Bernadette Del Chiaro:

So in other words, you would just put a very, very small solar system on your roof, because you can only use solar energy exactly when it’s generated. So when the sun shines, and those sun’s rays hit a solar panel, and generate an electron, you use it or lose it, right? So you have to use it right away for it to be useful to you, or you’d store it in the battery. So we’ll come back to batteries and why they’re revolutionary. But without a battery, you have to just use it right then and there.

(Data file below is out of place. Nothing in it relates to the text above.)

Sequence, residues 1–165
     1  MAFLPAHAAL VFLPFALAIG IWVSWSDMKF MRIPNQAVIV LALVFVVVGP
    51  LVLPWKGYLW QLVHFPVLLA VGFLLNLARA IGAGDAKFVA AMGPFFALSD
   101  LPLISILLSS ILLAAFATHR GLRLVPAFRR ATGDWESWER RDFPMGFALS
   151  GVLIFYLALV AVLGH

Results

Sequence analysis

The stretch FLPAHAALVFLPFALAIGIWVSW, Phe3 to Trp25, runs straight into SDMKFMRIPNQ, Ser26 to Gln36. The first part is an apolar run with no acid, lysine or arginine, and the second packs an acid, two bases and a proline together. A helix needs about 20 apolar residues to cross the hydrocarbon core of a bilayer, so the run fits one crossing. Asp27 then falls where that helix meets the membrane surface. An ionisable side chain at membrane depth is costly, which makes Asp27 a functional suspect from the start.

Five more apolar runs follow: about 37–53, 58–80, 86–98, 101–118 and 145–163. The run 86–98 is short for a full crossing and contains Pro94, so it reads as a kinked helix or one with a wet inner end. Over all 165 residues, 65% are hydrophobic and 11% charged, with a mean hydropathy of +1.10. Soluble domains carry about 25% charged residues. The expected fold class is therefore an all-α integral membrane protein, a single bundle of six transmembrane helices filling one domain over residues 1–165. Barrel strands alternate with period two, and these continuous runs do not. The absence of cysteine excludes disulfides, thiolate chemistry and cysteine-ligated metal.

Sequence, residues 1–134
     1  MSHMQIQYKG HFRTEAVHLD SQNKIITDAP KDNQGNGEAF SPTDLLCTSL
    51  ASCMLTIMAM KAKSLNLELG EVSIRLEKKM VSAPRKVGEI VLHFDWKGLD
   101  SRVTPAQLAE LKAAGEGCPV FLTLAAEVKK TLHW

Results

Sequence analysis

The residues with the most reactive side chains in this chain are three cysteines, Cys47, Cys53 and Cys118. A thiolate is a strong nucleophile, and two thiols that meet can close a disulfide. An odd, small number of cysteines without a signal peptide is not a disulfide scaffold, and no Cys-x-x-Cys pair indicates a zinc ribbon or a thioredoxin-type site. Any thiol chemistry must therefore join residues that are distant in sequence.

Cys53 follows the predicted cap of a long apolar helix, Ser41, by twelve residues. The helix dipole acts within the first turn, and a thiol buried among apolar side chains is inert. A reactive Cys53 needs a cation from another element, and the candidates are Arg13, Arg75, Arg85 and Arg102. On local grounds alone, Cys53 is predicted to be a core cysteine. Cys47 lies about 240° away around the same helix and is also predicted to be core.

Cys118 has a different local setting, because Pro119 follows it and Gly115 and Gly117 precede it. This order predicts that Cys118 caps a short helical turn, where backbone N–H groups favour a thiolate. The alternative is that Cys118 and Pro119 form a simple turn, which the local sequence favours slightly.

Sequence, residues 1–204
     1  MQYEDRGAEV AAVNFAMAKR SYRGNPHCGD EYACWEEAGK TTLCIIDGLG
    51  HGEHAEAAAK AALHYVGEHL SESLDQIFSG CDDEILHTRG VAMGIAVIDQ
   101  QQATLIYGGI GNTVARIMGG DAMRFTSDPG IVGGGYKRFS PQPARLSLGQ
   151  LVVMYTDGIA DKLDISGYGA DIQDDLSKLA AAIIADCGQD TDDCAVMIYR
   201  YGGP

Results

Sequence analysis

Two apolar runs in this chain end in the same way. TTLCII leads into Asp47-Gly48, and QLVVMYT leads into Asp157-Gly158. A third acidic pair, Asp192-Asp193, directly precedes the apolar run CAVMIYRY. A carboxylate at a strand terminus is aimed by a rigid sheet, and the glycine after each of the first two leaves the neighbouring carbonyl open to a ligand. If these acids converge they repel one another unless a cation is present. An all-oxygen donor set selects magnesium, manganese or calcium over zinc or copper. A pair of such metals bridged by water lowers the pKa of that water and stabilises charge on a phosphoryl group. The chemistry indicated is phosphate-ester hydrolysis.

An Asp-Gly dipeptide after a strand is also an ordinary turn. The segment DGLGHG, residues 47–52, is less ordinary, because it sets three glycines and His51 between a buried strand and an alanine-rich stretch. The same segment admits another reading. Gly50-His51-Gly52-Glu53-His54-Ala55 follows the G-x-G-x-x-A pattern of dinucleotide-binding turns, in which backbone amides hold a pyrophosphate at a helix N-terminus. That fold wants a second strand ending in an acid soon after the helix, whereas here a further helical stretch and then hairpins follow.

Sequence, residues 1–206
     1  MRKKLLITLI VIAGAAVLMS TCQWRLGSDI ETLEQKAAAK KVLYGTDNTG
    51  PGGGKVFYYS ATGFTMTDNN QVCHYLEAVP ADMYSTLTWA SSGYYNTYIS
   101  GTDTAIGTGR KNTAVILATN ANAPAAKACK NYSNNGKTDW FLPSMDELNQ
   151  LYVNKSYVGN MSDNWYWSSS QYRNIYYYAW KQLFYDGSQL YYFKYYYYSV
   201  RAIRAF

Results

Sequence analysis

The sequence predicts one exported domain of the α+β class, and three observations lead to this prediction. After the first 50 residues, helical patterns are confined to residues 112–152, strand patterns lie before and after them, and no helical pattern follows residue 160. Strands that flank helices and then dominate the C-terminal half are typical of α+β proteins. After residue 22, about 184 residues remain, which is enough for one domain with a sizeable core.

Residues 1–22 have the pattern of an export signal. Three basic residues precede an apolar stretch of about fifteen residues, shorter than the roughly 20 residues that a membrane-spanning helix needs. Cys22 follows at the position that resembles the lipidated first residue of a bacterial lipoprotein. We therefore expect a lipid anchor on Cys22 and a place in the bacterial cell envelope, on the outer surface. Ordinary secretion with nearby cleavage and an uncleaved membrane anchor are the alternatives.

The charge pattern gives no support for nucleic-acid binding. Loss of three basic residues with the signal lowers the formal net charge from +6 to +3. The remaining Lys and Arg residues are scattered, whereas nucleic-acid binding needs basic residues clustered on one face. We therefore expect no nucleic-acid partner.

Bernadette Del Chiaro:

So for a lot of consumers that just makes, sometimes we’re not home or at the office, or if we are home, we’re just not using as much electricity as our solar panels are generating. So what net-metering does is allows you to send that surplus electricity back to the grid, your meter spins backwards, and those electrons flow to your next door neighbor’s house, or the neighbor two doors down. And it literally supplies that solar electricity to nearby buildings, your nearby neighbors. You get a credit for that. Because you are supplying a product and a service to your neighbors, and that credit is valued more or less at the price you would otherwise have paid, or what your neighbors are paying, the utility for your electricity.

Bernadette Del Chiaro: